It's hard to believe 2014 is almost over. While many parents are busy wrapping presents, trimming the tree and visiting family this December, it's important to remember to do an annual check-up on one of your most important investments: your child's Registered Education Savings Plan (RESP).
November 16-22, 2014 marks the first ever Education Savings Week in Canada. Here are three reasons why we're celebrating Education Savings Week (and why you should, too!)
This Thanksgiving, I have to ask -- have you thanked your investors lately? That's right, your investors. Not the power brokers on Bay Street or Wall Street, but the people who were there for you from the very beginning.
It's no secret that Canadian students are stressed out financially. Many graduates are taking on a significant level of student debt. Recent numbers from the Canada Student Loans Program reveal that in 2012-2013, 472,000 full-time students and 9,600 part-time students took out $2.6 billion in loans from the federal government. Between 2005 and 2012 alone, Statistics Canada also reported that student debt grew by 24 per cent. All of this reminds us that saving early for university or college should be a top priority for new parents if they want to help set their kids up for the greatest potential success.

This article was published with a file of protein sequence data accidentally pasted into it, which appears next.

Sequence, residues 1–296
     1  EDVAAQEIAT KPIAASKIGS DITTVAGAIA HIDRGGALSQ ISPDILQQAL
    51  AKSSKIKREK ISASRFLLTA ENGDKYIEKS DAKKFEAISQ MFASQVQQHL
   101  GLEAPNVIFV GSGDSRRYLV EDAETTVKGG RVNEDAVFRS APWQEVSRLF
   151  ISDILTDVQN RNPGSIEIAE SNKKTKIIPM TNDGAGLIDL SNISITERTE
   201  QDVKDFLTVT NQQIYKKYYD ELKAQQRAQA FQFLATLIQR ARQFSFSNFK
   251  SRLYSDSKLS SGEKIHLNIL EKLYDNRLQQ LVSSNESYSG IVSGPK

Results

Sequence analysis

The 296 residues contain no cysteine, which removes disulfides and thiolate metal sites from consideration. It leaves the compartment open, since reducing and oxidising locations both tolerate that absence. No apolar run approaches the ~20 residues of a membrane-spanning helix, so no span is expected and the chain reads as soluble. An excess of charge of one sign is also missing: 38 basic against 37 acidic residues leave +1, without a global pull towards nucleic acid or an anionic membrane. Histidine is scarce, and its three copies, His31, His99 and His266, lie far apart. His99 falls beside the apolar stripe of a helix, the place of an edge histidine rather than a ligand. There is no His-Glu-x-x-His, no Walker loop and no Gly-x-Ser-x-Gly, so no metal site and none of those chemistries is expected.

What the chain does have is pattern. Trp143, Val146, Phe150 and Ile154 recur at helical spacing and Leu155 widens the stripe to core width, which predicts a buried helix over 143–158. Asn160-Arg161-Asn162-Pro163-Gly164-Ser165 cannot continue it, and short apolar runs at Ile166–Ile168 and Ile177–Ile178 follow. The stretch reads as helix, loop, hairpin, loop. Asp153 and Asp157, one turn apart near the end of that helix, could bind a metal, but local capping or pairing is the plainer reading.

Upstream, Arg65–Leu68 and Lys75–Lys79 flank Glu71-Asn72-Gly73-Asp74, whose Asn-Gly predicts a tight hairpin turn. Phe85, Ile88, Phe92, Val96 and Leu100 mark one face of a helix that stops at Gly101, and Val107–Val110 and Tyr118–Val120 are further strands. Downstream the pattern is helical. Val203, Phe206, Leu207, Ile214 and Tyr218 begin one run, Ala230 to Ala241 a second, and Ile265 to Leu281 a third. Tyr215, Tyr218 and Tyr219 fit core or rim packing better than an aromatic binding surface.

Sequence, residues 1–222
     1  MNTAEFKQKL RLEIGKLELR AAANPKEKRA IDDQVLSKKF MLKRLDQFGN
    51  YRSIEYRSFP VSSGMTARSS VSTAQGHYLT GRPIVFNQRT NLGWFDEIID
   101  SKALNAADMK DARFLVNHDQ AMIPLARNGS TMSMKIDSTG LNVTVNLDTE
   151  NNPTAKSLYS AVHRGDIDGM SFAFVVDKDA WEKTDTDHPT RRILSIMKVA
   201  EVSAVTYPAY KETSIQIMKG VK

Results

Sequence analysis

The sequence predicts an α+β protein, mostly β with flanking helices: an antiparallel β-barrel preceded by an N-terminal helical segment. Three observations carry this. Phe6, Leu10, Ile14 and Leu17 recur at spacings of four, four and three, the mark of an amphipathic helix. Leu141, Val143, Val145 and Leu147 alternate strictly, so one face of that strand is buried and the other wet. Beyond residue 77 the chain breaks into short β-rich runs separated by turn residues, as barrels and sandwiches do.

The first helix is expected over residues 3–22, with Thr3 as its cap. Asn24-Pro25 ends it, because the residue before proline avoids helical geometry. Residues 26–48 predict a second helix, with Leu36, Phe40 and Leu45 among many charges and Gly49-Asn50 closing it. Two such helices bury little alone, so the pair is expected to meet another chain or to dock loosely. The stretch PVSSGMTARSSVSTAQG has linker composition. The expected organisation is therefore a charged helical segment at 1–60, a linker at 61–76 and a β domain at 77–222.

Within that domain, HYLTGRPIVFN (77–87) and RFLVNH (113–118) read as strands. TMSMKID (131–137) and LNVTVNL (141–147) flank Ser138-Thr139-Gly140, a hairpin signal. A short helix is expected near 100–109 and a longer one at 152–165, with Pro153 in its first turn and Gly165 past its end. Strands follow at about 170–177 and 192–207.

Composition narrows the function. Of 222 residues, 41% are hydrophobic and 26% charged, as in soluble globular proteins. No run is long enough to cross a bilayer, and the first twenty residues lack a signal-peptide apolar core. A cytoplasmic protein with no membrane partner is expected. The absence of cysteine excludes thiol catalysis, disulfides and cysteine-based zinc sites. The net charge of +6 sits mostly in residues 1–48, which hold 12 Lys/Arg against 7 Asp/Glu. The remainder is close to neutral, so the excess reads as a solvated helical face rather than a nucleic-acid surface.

Many new jobs will emerge -- such as a robot counsellor, who is someone that matches robots with humans depending on their needs. While it all sounds very sci-fi in 2014, many of our job predictions are based on technological advancements that currently exist and are just 'waiting in the wings' for commercial development. It's all very exciting.
Investing in an RESP early on can give you peace of mind knowing that money is there to help fund your child's education. The earlier you start, the more your savings can benefit from the power of compounding. If you start investing $210 every month for your newborn, their RESP could be worth as much as $30,743 more than if you start when your child is five.
There are many different ways to invest the money inside your RESP. As a parent, my rule was simple: I did not want to take any significant risks with the money I was saving for my children's learning. I was satisfied with receiving the 20 per cent government grant, and a modest return on my money. For me, it was more important that the money be there when I needed it.